I wrote this post a couple of weeks back, but wasn't happy with how rambling it was. Anyway, it's only getting more out of date, so I'm putting it up now. Someone might learn something.
I’ve always had a soft spot for hypervalent iodine reagents, especially iodine(III). In fact, they were the cornerstone of a methodology project that I worked on last year. You can imagine, then, that the rather usual looking iodosobenzene derivative above, which was published in Org. Lett. a couple of weeks back (DOI: 10.1021/ol301085v), immediately caught my eye. Such compounds tend to be very useful oxidants, and you can check out a few recent applications on the relevant organic-chemistry.com page. Surprisingly, though, this wonderful new reagent wasn’t being touted as an oxidant (although I’m sure it is)… apparently, it’s a great new coupling agent!
You’ll have to read the paper for the specifics, but needless to say good results were obtained for couplings between acids and alcohols, and even the rather more oxidisable amines and acids. Racemisation was low, conditions were mild, and in fact, if your substrate wasn’t too redox active, you might even consider trying out this wonderful sounding reagent. But that’s where things get a little tricky. Of course, you can’t simply just buy this particular magic powder from Aldrich yet, so you’ll have to make it yourself. If you know a little iodine chemistry, you won’t be surprised to hear that you can just make it from the corresponding iodoisophthalic acid by oxidation, and this step has been reported using bleach. Easy. Except you can’t buy the iodide (at least not from any of the common suppliers in the UK). I’m sure you can outsource production of it, but no-one’s going to do that to just to add another line to a table of conditions tried. Better put that iodide into Scifinder!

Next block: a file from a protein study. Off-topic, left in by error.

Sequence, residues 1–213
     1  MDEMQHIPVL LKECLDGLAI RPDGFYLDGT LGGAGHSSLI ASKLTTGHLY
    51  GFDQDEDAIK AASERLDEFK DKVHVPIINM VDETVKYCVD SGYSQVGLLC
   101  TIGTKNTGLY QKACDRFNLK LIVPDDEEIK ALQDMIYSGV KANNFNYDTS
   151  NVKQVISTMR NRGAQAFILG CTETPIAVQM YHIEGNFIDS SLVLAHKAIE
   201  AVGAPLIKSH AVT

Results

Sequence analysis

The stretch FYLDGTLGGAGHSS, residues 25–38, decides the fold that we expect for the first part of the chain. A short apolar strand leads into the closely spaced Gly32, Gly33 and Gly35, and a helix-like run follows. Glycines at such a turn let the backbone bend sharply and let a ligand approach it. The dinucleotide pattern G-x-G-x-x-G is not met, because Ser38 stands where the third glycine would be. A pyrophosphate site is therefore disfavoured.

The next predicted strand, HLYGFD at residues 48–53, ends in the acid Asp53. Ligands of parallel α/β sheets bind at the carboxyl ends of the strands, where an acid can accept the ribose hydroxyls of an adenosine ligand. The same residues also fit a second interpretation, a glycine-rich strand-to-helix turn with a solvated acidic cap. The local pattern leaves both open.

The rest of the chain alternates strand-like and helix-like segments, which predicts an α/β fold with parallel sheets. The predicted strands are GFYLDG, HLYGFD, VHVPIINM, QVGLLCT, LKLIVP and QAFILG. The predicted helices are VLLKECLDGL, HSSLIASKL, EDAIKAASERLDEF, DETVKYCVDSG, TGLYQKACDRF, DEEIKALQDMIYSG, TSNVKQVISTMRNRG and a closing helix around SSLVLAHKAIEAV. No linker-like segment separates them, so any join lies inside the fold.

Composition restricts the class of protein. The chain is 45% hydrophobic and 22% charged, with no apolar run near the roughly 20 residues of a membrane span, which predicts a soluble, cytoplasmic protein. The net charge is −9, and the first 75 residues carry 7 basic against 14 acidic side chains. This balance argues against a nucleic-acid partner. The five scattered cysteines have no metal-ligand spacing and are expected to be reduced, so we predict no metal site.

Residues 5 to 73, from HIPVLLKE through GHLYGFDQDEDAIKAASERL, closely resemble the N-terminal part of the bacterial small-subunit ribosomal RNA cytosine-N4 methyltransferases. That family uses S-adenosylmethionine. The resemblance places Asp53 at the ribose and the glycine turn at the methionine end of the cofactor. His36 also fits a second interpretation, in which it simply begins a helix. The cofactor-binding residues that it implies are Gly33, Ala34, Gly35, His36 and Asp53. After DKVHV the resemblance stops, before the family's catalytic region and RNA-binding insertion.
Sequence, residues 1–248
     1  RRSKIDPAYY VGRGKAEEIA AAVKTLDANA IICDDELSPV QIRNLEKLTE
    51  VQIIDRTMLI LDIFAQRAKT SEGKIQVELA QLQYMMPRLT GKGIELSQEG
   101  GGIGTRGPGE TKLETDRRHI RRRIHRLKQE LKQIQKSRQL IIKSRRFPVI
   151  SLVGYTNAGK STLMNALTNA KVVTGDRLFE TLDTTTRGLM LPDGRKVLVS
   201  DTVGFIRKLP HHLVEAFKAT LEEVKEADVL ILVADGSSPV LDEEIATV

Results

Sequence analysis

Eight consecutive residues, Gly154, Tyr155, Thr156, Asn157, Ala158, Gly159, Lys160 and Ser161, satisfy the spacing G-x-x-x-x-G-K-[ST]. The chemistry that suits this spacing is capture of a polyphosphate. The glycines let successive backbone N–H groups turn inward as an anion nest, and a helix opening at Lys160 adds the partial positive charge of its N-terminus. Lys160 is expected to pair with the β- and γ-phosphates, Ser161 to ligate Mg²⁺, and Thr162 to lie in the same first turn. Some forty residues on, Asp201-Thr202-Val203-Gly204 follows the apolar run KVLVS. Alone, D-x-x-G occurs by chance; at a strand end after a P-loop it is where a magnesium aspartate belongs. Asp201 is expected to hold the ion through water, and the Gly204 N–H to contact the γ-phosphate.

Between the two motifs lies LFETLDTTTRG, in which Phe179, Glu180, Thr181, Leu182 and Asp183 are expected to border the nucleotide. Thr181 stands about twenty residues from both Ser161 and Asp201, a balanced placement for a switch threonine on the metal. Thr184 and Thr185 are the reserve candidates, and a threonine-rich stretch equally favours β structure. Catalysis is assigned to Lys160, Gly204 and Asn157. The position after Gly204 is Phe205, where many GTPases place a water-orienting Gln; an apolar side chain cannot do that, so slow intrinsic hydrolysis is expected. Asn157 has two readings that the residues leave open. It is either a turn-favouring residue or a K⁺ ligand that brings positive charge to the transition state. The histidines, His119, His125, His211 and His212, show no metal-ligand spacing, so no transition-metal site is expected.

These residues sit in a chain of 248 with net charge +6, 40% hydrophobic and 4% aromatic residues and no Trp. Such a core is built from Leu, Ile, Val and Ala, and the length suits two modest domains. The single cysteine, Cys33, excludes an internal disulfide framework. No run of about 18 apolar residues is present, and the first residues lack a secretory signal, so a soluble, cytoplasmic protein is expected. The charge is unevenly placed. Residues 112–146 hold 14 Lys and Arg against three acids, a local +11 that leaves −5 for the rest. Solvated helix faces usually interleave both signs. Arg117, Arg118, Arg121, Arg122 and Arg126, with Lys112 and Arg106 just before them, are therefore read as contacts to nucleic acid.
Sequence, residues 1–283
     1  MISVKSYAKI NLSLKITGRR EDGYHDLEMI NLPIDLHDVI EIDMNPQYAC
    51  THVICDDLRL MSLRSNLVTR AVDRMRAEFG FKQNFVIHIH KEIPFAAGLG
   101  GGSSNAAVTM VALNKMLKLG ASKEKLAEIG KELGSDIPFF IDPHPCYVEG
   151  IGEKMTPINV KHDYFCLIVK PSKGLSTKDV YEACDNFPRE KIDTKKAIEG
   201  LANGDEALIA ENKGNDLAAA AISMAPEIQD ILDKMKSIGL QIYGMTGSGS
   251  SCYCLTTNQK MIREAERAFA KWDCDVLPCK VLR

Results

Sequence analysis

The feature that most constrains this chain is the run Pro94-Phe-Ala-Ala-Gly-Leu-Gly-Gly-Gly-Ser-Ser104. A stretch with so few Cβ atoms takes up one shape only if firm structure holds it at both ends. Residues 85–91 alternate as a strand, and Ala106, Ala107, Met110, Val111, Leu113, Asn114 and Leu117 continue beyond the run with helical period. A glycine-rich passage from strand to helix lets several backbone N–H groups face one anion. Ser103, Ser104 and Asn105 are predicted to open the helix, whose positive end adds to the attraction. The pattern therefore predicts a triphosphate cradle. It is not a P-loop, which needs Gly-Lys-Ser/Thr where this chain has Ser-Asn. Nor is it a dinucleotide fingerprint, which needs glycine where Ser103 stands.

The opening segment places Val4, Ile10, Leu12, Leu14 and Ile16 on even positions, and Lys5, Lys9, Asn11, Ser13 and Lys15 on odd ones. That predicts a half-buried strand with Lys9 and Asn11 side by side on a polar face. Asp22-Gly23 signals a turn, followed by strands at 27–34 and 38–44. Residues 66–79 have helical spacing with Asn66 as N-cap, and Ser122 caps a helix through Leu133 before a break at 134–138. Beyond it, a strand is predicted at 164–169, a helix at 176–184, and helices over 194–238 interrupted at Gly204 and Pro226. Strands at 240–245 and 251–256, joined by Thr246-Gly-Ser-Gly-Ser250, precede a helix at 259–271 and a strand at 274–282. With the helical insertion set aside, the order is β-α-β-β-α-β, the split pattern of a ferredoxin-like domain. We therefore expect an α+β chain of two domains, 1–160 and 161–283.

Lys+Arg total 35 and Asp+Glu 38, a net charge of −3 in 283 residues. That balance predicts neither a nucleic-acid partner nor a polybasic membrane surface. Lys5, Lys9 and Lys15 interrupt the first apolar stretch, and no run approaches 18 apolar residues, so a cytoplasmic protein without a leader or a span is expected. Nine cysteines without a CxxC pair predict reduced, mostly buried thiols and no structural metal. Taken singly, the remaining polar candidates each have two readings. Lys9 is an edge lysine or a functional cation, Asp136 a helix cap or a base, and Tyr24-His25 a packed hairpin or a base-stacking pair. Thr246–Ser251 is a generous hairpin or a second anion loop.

Perhaps not too surprisingly, it’s made from the corresponding aniline by the very useful Sandmeyer reaction. The aniline itself, though, is still not commercial, although there are a couple of options available for its synthesis. The most recently reported is by the oxidation of acetyl protected toluidine with permanganate, but although that’s a reaction that sometimes doesn’t give total crap, as with many journals whose titles are 60% vowels, I sadly don’t have access to Gaodeng Huexiao Huaxue Xuebao to see what the procedure is. The other option to get the required aniline is via the oxidation of the isatin shown below. Fortunately, it turns out that this actually is commercially available, although for the princely sum of almost £200/10 g. So, unfortunately anyone in the UK wanted to try this new reagent has quite a bit of work to do! At least it’s recyclable.
One thing I did learn from chasing down these references was a new named reaction, the Sandmeyer isatin synthesis. I’d never really given much thought to where isatins actually come from, so let’s quickly look at how you might make the commercial isatin if you had to. Turns out it’s as easy as heating methyl anthranilate with some chloral hydrate and hydroxylamine in sulphuric acid, followed by hydrolysis.
1. Traugott Sandmeyer did particularly well to get two important reactions named after himself, considering he didn’t even have a degree in Chemistry.
2. Interestingly, although chloral hydrate is a controlled substance in the US and Canada, it isn’t in the UK.